History has shown that with education and improved health and low mortality, the belief in witchcraft disappears in Sierra Leone. As regards female genital cutting, the Government has worked very closely with the UN family agencies to ensure that a memorandum of understanding was signed with the ‘Soweis”-the female traditional leaders who perform FGC-in order to maintain the legal age of eighteen below which it is currently illegal to perform such harmful practices. The Government will continue to support massive sensitization and awareness-raising on the ills of this issue.

See full report here

Angola – Report of the Working Group on the Universal Periodic Review, 24 March 2010

The Working Group on the Universal Periodic Review, established in accordance with Human Rights Council resolution 5/1 of 18 June 2007, held its seventh session from 8 February to 19 February 2010. The review of Angola was held at the 10th meeting, on 12 February 2010. The delegation of Angola was headed by the Secretary of State for Foreign Relations, Georges Chikoty. At its 14th meeting, held on 16 February 2010, the Working Group adopted the report on Angola.

A list of questions prepared in advance by Denmark, Hungary, Latvia, Sweden, the United Kingdom of Great Britain and Northern Ireland, the Czech Republic, Germany, Norway, Argentina, Belgium and the Netherlands was transmitted to Angola through the troika. Those questions are available on the extranet of the universal periodic review.

See full report here

Working with older persons in forced displacement, 2013

Today, it is estimated that some 12.5% of the world’s people are over 60 years of age; 22% are over 50, considered “old” in contexts where life expectancy is lower. By 2050, one quarter of the world’s population will be over 60 (more will be over 60 than under 12), and many will be over 80. An effect of this trend is that more older persons are being displaced. In 2000, 8.5% of all the persons of concern to UNHCR were already older persons, but in some situations they amounted to one third. While old age is often associated with increased need, it is important to recognise and support the roles and responsibilities that older women and men fulfil in their families, communities and societies.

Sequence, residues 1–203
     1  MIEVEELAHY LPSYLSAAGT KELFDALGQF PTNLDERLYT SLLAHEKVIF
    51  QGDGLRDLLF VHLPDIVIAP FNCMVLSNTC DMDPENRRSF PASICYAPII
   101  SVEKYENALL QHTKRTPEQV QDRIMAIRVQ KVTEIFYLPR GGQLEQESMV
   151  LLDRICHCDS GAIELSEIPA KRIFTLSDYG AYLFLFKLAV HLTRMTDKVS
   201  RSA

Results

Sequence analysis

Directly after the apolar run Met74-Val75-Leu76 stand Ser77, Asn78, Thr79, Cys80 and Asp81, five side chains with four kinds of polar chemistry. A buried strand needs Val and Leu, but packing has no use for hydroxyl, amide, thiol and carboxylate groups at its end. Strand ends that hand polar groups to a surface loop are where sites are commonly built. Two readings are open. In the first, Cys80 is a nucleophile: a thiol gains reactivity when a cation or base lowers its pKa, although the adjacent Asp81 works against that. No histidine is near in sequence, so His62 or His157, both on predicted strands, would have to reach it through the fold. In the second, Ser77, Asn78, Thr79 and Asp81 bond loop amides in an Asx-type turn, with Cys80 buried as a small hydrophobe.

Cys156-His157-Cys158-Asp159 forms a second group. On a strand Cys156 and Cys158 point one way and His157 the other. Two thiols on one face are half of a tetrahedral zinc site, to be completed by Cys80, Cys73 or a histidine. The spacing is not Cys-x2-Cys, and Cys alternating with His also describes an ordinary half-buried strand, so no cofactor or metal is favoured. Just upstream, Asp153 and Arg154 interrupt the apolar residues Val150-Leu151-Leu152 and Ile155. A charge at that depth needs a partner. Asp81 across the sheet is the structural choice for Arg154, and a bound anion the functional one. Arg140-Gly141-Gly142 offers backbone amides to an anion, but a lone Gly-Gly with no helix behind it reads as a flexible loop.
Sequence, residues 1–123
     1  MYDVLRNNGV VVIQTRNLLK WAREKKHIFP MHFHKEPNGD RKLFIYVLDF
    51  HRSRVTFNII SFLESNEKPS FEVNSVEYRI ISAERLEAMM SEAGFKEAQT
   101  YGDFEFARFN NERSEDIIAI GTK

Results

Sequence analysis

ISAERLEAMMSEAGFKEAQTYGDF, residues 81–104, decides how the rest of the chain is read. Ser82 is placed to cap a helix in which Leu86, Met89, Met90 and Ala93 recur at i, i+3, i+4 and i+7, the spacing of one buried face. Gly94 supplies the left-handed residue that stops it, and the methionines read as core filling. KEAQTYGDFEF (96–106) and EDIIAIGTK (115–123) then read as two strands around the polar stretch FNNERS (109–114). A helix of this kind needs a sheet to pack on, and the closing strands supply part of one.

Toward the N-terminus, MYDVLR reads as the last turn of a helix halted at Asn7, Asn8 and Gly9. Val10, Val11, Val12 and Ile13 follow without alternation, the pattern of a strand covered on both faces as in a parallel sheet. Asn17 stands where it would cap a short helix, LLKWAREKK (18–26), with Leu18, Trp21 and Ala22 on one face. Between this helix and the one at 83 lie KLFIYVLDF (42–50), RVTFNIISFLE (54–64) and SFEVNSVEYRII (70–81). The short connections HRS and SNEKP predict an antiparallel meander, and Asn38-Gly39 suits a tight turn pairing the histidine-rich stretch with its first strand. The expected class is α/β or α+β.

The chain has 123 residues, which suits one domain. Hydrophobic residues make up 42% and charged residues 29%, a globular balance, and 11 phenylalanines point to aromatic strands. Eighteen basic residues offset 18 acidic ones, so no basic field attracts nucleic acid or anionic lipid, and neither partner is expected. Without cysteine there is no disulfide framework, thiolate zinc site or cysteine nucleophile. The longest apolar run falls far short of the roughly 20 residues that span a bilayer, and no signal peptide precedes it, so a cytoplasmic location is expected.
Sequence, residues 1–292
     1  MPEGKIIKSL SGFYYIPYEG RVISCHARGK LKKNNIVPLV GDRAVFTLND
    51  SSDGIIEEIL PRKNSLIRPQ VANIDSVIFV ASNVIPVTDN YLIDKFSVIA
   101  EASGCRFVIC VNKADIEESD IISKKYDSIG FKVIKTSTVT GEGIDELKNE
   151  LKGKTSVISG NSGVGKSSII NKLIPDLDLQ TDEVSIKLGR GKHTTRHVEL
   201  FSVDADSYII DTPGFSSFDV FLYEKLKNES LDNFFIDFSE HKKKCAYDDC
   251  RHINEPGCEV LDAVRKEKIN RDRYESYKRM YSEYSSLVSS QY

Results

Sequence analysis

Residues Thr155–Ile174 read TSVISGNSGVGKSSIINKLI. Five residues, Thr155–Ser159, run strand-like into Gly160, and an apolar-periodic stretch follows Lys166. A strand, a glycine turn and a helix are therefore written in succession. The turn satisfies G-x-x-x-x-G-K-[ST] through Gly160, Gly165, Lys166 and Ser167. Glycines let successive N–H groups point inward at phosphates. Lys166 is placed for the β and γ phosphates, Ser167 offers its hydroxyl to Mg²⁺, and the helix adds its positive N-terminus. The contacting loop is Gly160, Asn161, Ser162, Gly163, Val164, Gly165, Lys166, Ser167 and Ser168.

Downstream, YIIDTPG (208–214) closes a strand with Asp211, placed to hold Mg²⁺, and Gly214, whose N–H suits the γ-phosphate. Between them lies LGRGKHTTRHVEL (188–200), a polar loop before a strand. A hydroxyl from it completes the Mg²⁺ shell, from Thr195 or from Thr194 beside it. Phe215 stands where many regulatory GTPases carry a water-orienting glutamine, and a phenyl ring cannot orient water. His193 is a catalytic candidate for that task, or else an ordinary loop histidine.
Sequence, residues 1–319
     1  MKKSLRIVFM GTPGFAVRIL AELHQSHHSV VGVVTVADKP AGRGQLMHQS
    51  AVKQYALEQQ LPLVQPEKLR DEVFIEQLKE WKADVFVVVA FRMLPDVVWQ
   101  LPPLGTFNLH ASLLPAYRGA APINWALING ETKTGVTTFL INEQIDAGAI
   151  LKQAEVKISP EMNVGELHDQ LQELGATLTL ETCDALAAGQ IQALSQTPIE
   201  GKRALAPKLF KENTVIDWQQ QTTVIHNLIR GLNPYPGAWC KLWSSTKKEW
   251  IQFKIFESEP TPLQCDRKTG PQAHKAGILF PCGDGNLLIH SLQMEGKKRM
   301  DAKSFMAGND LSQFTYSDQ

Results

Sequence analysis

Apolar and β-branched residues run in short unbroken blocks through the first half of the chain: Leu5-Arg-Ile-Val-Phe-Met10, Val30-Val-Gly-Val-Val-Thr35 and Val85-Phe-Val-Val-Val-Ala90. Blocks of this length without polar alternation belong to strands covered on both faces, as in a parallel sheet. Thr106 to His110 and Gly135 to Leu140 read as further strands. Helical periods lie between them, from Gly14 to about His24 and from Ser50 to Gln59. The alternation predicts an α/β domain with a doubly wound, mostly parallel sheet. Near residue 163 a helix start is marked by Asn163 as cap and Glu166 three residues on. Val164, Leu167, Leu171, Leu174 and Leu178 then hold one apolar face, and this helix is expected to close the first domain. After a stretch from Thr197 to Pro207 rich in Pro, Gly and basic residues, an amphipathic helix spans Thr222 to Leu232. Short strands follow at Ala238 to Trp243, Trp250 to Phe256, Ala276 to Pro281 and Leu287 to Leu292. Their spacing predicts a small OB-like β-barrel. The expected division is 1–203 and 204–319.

See full report here

Training Sessions on Human and Women’s Rights to address Violence against Persons accused of Witchcraft in the Central African Republic, October 2012

Hundreds of people – mostly women – in the Central African Republic are accused every year of practicing witchcraft. “Witches” are often accused of causing a wide range of misfortunes such as infected toes, collapsed granary roofs, and even bad weather. Witchcraft is included as a crime in the country’s penal code (even punishable by execution), which is rarely contested given that the belief in witches as a source of several misfortunes is deeply embedded in the Central African Republic’s society.
Women, particularly old single women, and girls who are accused of witchcraft are often subject to SGBV. Due to cultural stigmas and lack of knowledge on basic rights, SGBV cases are often not reported, consequently leaving survivors/victims unassisted and perpetrators unpunished.

See full report here

Hunting Witches – World Policy Journal Article by WHRIN

Article by Gary Foxcroft, Executive Director, WHRIN. Read full article here